The Etisalat consortium, which includes Egyptian Post Office, National Bank of Egypt and Commercial International Bank (CIB), is expected to sign the contract in August. As part of the agreement, the successful bidder will pay 6 per cent of future revenues to the government, double the original amount stipulated by the authorities. It has also committed to having a minimum turnover of $1,000 million, a subscriber base of at least 5 million and providing second and third generation services.
Although the roll-out strategy has still to be finalised, the network is scheduled to start operating by February 2007. Etisalat will also provide second and third generation services. Etisalat, which will control 70 per cent of the new firm, will invest about $1,000 million in setting up the GSM network.
The Etisalat consortium bid was the highest by a wide margin. The MTC consortium came in second at £E 14,200 ($2,466 million), with the Qatar Telecom (Q-Tel) consortium ranked third on price at £E 12,200 million ($2,119 million).
The long-awaited new licence will break the duopoly held by VE and Egyptian Company for Mobile Services (MobiNil). The National Telecommunications Regulatory Authority (NTRA) expects the number of GSM subscribers to increase to 35 million from 15 million by 2011. The Egypt licence represents the latest coup for the Abu-Dhabi-based operator. Over the last two years, the firm has had an aggressive expansion programme, winning Saudi Arabia's second GSM licence and more recently, auctions in Pakistan and Afghanistan. It has also submitted bids to acquire stakes in Armenian telco Armentel, Serbian GSM operator Mobi63 and has declared its intention to bid for the forthcoming sale of a 35 per cent stake in Algerie Telecom.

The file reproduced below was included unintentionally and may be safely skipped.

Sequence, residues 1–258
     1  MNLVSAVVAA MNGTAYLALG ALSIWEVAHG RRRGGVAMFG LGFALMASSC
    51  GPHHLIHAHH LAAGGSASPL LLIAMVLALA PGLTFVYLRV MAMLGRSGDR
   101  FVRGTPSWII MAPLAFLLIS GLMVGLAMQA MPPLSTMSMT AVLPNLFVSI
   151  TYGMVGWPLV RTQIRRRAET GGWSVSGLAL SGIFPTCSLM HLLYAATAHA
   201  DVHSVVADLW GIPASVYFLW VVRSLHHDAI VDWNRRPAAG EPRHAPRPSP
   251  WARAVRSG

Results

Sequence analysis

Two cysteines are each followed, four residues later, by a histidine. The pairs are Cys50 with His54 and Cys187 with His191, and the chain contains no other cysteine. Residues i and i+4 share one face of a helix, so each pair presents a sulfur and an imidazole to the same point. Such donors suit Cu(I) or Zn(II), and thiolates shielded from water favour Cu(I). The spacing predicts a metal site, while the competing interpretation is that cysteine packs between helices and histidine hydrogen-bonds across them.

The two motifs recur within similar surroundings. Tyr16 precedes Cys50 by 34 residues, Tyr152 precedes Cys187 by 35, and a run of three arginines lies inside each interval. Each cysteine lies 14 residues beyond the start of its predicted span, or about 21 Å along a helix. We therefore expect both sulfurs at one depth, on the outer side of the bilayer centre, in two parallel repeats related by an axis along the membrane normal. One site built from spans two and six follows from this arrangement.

Speaking to MEED in January, Etisalat chairman Mohammed Hasan Omran said the company had set aside at least $5,000 million to invest abroad for the coming year. 'There is still plenty of growth for us in this region and the surrounding areas,' Omran said at the time.